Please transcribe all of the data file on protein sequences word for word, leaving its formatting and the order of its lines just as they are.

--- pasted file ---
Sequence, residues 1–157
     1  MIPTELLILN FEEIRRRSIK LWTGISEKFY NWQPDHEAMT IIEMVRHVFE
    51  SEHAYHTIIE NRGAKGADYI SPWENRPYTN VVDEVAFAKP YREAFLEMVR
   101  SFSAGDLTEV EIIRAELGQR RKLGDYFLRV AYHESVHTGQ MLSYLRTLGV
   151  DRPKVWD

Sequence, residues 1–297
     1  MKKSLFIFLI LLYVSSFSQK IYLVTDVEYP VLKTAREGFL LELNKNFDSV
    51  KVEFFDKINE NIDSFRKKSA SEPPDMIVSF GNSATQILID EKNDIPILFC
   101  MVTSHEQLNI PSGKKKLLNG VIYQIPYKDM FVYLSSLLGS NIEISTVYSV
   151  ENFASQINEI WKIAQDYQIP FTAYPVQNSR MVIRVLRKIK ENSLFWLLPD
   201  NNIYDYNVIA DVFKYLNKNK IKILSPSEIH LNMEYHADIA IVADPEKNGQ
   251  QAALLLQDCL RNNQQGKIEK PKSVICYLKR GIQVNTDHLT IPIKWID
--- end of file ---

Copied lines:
Sequence, residues 1–157
     1  MIPTELLILN FEEIRRRSIK LWTGISEKFY NWQPDHEAMT IIEMVRHVFE
    51  SEHAYHTIIE NRGAKGADYI SPWENRPYTN VVDEVAFAKP YREAFLEMVR
   101  SFSAGDLTEV EIIRAELGQR RKLGDYFLRV AYHESVHTGQ MLSYLRTLGV
   151  DRPKVWD

Sequence, residues 1–297
     1  MKKSLFIFLI LLYVSSFSQK IYLVTDVEYP VLKTAREGFL LELNKNFDSV
    51  KVEFFDKINE NIDSFRKKSA SEPPDMIVSF GNSATQILID EKNDIPILFC
   101  MVTSHEQLNI PSGKKKLLNG VIYQIPYKDM FVYLSSLLGS NIEISTVYSV
   151  ENFASQINEI WKIAQDYQIP FTAYPVQNSR MVIRVLRKIK ENSLFWLLPD
   201  NNIYDYNVIA DVFKYLNKNK IKILSPSEIH LNMEYHADIA IVADPEKNGQ
   251  QAALLLQDCL RNNQQGKIEK PKSVICYLKR GIQVNTDHLT IPIKWID